Airway management in children with hemifacial microsomia: a restropective study of 311 cases

BMC Anesthesiol. 2020 May 20;20(1):120. doi: 10.1186/s12871-020-01038-2.


Background: Hemifacial microsomia (HFM) is a congenital craniofacial malformation which is associated with difficult airway. Anesthesiologists may experience difficult intubation in children with HFM. Mandibular distraction could increase the length of the mandible. Theoretically, it should be advantageous to laryngeal view during tracheal intubation. This study reviewed airway management in children with HFM, assessed the efficiency of direct laryngoscopy versus airway-visualizing equipment during the tracheal intubation and determined whether mandibular distraction could improve the laryngoscopic view in children with HFM.

Methods: A retrospective review of cases involving children with HFM aged 5 to 17 years old underwent anesthesia from December 2016 to April 2019 at a single center was performed. The demographic data, preoperative airway assessments, procedure type, anesthetic technique, method of airway management, anesthetists' comments on mask ventilation, laryngoscopy and intubation parameters were collected.

Results: At last, 136 HFM children entered this study, a total of 311 anesthesia procedures were completed during the study period. Face mask ventilation was possible for most of children except 1 child (bilateral involvement) required two practitioners. The success rates of intubation for the primary video laryngoscopy and fibroscopy were both 100%, but 79.5% for direct laryngoscopy (P < 0.001). 95 (38.9%) children who had difficult laryngoscopic view (DLV) were significantly correlated with failed direct laryngoscopy (P < 0.001). Airway-visualizing equipment (video laryngoscope and Fiberscope) was the primary airway technique in 3 (75%) bilaterally involved children. 60 children underwent both mandibular distraction osteogenesis and the removal of distractor. The laryngoscopic views improved in 26 (43%) children after treatment with mandibular distraction (P < 0.001).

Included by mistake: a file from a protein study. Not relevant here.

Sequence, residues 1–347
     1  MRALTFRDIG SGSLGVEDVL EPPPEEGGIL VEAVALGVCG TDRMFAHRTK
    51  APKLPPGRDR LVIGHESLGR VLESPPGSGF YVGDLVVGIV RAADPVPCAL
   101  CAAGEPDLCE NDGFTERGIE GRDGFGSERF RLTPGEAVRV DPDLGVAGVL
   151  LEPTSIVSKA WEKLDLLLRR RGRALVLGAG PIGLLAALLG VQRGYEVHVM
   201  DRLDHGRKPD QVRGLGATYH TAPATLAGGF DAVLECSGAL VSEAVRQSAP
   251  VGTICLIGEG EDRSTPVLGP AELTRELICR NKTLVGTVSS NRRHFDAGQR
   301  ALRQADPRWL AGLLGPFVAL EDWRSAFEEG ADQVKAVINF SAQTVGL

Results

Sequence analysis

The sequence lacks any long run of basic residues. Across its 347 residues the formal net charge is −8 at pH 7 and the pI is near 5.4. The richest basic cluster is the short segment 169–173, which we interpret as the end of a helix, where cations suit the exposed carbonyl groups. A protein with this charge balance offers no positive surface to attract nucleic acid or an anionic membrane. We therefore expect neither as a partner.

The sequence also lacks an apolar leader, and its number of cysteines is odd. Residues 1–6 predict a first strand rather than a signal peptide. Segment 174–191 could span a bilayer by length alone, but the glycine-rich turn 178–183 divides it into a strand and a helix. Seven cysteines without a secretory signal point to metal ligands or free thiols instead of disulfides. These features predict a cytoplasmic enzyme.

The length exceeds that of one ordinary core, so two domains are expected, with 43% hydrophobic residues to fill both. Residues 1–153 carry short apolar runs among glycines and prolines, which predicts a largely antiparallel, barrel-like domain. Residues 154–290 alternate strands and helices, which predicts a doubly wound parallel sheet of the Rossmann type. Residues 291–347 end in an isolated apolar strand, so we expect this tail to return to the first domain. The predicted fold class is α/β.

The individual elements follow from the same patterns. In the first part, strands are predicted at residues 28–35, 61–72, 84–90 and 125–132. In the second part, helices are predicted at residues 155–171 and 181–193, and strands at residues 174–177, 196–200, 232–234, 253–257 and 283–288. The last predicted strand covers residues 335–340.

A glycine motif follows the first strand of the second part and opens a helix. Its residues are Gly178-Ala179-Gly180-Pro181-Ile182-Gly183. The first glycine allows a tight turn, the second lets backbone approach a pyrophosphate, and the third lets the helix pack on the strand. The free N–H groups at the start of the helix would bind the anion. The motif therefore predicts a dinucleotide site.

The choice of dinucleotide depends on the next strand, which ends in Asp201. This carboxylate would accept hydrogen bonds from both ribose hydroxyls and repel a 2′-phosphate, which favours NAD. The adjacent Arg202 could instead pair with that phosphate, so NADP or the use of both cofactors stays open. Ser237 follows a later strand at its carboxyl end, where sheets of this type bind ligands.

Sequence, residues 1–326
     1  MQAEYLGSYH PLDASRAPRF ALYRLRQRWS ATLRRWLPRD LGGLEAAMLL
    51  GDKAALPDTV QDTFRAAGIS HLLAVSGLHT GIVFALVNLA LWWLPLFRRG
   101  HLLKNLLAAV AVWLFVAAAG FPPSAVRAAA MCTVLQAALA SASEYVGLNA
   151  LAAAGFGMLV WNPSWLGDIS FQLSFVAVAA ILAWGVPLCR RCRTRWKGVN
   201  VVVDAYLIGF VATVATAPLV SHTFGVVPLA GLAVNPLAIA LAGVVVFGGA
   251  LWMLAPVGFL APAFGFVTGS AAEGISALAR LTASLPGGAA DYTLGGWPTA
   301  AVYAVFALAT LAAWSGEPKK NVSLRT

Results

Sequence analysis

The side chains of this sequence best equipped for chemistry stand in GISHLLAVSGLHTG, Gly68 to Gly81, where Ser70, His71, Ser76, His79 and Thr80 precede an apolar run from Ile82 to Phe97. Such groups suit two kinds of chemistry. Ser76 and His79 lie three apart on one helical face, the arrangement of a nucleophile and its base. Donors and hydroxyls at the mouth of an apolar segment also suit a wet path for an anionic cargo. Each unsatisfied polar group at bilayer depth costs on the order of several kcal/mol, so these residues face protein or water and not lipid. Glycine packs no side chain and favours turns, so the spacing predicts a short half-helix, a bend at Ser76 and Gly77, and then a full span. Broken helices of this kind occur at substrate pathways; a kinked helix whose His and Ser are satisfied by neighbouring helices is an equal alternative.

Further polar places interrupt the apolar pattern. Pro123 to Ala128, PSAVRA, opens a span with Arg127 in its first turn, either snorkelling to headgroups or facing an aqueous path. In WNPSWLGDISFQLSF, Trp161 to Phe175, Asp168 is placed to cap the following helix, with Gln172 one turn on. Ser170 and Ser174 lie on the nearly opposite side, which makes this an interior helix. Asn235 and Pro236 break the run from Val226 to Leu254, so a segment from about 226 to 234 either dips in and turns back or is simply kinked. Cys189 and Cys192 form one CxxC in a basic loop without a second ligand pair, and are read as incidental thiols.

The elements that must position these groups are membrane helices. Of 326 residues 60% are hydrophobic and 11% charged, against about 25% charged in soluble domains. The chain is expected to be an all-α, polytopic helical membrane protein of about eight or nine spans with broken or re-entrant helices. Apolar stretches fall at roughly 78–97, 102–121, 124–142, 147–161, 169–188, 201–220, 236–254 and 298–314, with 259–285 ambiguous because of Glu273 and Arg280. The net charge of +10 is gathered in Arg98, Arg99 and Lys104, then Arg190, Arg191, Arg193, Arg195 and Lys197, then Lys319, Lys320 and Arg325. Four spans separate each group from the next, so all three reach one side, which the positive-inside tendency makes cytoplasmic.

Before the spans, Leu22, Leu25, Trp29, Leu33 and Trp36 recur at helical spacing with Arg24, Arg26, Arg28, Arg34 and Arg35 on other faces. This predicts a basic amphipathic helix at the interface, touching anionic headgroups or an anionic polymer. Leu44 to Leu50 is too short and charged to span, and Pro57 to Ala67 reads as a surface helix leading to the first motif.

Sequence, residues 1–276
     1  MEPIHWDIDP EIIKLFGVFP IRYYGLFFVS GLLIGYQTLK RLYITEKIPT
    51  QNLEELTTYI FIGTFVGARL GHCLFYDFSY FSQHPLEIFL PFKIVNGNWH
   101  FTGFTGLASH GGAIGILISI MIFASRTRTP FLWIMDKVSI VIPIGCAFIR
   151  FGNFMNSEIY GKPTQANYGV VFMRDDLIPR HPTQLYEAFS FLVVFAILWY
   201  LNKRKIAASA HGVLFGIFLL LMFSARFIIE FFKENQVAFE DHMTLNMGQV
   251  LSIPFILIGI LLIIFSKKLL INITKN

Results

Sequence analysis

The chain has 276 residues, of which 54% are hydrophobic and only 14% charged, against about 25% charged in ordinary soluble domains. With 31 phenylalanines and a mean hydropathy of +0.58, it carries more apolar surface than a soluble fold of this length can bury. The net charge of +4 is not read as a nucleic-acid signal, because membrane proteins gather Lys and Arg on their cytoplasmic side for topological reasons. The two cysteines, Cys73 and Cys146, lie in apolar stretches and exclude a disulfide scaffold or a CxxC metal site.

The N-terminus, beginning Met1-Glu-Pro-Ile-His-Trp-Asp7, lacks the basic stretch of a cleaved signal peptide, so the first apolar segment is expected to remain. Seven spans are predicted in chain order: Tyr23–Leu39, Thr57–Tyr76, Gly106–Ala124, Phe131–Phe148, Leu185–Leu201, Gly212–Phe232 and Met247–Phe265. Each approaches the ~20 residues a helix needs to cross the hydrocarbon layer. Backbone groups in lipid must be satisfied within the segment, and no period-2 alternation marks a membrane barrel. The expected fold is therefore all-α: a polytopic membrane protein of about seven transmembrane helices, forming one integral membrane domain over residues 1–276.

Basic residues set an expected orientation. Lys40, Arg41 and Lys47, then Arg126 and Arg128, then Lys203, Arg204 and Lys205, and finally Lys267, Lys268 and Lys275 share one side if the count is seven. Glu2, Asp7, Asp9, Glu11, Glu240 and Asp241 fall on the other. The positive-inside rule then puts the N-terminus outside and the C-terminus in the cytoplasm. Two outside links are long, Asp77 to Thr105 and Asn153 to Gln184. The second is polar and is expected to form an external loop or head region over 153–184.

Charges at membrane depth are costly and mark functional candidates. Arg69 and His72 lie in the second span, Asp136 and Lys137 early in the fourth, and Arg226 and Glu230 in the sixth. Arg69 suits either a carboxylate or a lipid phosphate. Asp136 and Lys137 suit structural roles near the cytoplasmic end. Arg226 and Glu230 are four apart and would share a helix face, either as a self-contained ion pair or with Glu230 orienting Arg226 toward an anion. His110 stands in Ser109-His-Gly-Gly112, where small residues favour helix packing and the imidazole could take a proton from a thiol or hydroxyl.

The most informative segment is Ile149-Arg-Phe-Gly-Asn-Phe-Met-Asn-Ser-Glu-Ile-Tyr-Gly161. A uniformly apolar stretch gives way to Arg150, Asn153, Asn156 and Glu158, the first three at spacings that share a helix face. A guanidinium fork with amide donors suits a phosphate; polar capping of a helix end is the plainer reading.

Conclusions: Airway-visualizing equipment can be effectively utilized for intubation in HFM children with DLV. Mandibular distraction could improve the laryngeal view effectively.

Keywords: Airway; Anesthesia; Children; Difficult; Hemifacial microsomia.

MeSH terms

  • Adolescent
  • Airway Management / methods*
  • Child
  • Child, Preschool
  • Female
  • Goldenhar Syndrome / surgery*
  • Humans
  • Intubation, Intratracheal
  • Laryngoscopy
  • Male
  • Mandible / surgery
  • Osteogenesis, Distraction / methods
  • Retrospective Studies